Conservationists have celebrated the arrival of rare spoonbill chicks to Suffolk for the first time in 300 years, after they used models of the birds to lure them to nest.
The RSPB used the innovative technique to attract the birds to Havergate Island after a remodelling of the nature reserve to protect against storm surges in the wake of flooding in 2013.
They put out models of spoonbills, complete with ready made “nests” to attract the birds, which were placed on special raised platforms.
The nests encouraged the birds to start displaying breeding behaviour, including passing sticks to each other, grooming partners, preening an sleeping on the platforms.
Eventually four chicks hatched from two different nests, and have now taken flight for the first time.
It is thought that the restoration of natural habitats in a bid to prevent flooding also encouraged spoonbill activity on the site.
The chicks’ arrival marks the success of 15 years of effort from the RSPB to encourage spoonbills to breed on Havergate Island.
Aaron Howe, RSPB South Suffolk Sites Manager said: “We never gave up the hope spoonbill fledglings would take that very first, special flight from Havergate island once again.”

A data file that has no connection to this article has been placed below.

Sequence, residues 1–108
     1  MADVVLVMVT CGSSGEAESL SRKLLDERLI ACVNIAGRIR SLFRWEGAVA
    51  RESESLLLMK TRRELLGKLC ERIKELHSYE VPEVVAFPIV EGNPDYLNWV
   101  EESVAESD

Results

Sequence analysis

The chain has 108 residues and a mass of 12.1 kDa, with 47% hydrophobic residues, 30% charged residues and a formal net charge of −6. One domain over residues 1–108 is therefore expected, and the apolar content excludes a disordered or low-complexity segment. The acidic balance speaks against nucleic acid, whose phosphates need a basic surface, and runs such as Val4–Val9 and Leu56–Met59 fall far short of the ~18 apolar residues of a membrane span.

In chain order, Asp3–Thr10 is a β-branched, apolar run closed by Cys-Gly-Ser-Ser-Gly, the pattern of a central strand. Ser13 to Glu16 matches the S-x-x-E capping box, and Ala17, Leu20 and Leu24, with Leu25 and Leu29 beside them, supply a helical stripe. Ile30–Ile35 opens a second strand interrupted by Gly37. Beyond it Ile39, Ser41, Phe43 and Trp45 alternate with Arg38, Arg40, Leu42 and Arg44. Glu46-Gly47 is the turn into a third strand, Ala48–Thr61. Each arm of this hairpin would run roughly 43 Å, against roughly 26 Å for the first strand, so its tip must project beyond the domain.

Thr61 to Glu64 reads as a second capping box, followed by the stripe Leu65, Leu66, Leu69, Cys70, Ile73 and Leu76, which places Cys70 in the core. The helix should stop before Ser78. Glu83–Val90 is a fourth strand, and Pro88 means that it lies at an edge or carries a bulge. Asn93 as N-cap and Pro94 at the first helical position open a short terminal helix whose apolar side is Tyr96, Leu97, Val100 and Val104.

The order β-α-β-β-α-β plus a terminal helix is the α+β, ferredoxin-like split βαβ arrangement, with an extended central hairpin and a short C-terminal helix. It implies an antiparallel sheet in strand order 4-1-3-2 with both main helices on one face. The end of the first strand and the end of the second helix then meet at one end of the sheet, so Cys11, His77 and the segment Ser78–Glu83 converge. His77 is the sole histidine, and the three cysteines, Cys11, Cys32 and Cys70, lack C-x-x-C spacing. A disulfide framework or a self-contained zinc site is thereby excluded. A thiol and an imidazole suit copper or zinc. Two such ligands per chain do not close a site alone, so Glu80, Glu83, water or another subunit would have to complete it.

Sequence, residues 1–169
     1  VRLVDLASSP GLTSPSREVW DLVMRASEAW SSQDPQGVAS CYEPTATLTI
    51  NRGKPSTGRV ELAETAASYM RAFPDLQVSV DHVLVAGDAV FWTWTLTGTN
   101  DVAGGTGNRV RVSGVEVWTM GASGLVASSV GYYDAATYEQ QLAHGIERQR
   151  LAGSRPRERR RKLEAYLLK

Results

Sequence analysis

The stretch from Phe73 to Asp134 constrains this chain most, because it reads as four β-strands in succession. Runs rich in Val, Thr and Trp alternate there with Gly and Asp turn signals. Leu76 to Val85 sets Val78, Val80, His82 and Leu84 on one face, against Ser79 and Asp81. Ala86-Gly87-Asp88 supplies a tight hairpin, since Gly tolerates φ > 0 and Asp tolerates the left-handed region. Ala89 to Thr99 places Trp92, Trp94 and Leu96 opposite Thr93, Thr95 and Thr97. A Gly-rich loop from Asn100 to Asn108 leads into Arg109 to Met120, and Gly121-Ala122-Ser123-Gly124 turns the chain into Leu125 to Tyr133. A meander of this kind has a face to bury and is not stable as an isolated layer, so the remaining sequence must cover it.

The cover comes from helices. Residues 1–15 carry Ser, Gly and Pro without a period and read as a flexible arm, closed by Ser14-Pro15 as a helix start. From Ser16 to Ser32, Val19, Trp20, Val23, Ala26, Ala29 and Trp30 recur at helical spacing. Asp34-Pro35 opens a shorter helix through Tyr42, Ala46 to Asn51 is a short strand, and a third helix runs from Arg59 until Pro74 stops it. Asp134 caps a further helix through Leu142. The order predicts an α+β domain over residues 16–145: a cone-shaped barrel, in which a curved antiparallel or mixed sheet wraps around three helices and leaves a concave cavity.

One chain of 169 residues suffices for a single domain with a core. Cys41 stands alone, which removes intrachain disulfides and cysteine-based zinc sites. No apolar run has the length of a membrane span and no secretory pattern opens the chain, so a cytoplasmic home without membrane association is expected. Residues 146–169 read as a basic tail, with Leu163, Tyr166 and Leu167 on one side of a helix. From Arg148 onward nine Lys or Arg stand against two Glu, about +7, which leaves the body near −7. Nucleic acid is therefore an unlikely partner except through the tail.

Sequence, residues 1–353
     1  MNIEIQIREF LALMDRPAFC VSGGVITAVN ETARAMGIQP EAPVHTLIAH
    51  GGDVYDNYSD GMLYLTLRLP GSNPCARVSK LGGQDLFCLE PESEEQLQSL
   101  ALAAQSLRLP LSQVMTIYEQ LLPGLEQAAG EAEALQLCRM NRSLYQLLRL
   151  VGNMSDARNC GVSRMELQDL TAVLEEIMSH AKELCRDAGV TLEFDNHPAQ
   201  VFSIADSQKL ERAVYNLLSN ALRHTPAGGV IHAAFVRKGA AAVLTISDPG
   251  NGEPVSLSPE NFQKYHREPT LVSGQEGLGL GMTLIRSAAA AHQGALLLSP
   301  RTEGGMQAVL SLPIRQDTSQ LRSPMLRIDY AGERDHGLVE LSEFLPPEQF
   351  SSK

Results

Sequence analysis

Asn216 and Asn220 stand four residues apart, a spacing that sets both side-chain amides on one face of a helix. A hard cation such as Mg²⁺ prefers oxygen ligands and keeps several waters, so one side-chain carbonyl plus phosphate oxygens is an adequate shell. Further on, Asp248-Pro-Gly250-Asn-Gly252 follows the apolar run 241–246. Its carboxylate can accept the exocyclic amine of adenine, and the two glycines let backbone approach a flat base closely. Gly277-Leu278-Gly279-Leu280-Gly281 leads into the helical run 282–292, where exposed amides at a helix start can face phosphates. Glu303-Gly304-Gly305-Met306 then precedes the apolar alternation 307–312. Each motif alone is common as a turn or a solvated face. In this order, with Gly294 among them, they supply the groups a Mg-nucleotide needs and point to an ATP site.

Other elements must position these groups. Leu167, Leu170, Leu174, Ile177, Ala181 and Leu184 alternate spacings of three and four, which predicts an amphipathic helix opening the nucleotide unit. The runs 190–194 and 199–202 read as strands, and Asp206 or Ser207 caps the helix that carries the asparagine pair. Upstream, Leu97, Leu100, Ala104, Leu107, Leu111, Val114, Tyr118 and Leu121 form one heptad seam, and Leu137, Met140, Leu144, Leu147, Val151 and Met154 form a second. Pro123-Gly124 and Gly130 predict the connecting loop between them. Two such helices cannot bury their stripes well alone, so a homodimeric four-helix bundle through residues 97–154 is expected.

It is the first time that spoonbill chicks have been raised in Suffolk since 1668.
The team had their first glimmer of hope in 2019, when five pairs made nests, but were disappointed when none successfully bred chicks.
They then installed a 350 metre long protective fence, partially submerged in water, around the nesting site and this year over 30 spoonbills visited the island.
Spoonbills, named after their spoon-shaped beak, are a species of conservation concern. Up to 100 spoonbills visit the UK every year, but there had been confirmed sightings since the 17th century until 1999.
The Environment Agency said in 2013 the work was being carried out as part of research to develop their understanding of how natural flood management can protect residents from the risk of increased flooding in the future.
“Projects like these show how important reviving natural habitats is for the survival of our precious wildlife – and for people,” said Mr Howe. “Wildlife-rich greenspaces are not only vital for our wellbeing but can also provide other benefits for the community such as the natural flood defences at Havergate Island.”